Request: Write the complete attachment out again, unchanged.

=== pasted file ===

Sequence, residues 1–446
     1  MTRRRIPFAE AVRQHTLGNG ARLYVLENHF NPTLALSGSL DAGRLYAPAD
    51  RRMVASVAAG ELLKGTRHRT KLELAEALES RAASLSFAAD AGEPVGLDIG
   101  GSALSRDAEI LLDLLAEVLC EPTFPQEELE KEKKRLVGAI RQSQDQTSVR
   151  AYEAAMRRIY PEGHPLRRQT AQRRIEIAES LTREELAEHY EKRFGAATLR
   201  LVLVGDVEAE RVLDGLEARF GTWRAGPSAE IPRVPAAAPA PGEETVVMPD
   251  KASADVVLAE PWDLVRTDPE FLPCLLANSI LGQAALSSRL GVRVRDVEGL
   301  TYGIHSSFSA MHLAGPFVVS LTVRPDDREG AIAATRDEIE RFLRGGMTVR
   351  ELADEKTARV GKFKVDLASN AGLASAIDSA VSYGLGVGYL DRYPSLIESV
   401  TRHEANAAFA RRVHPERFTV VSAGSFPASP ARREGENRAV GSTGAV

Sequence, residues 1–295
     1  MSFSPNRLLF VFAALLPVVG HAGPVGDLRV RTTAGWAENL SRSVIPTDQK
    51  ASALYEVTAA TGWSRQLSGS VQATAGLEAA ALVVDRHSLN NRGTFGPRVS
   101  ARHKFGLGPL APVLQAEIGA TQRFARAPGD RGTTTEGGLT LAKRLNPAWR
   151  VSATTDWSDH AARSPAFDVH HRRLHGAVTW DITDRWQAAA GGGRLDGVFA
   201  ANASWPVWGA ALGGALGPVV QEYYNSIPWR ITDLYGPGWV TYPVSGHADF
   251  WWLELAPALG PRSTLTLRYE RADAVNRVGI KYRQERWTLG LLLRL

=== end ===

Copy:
Sequence, residues 1–446
     1  MTRRRIPFAE AVRQHTLGNG ARLYVLENHF NPTLALSGSL DAGRLYAPAD
    51  RRMVASVAAG ELLKGTRHRT KLELAEALES RAASLSFAAD AGEPVGLDIG
   101  GSALSRDAEI LLDLLAEVLC EPTFPQEELE KEKKRLVGAI RQSQDQTSVR
   151  AYEAAMRRIY PEGHPLRRQT AQRRIEIAES LTREELAEHY EKRFGAATLR
   201  LVLVGDVEAE RVLDGLEARF GTWRAGPSAE IPRVPAAAPA PGEETVVMPD
   251  KASADVVLAE PWDLVRTDPE FLPCLLANSI LGQAALSSRL GVRVRDVEGL
   301  TYGIHSSFSA MHLAGPFVVS LTVRPDDREG AIAATRDEIE RFLRGGMTVR
   351  ELADEKTARV GKFKVDLASN AGLASAIDSA VSYGLGVGYL DRYPSLIESV
   401  TRHEANAAFA RRVHPERFTV VSAGSFPASP ARREGENRAV GSTGAV

Sequence, residues 1–295
     1  MSFSPNRLLF VFAALLPVVG HAGPVGDLRV RTTAGWAENL SRSVIPTDQK
    51  ASALYEVTAA TGWSRQLSGS VQATAGLEAA ALVVDRHSLN NRGTFGPRVS
   101  ARHKFGLGPL APVLQAEIGA TQRFARAPGD RGTTTEGGLT LAKRLNPAWR
   151  VSATTDWSDH AARSPAFDVH HRRLHGAVTW DITDRWQAAA GGGRLDGVFA
   201  ANASWPVWGA ALGGALGPVV QEYYNSIPWR ITDLYGPGWV TYPVSGHADF
   251  WWLELAPALG PRSTLTLRYE RADAVNRVGI KYRQERWTLG LLLRL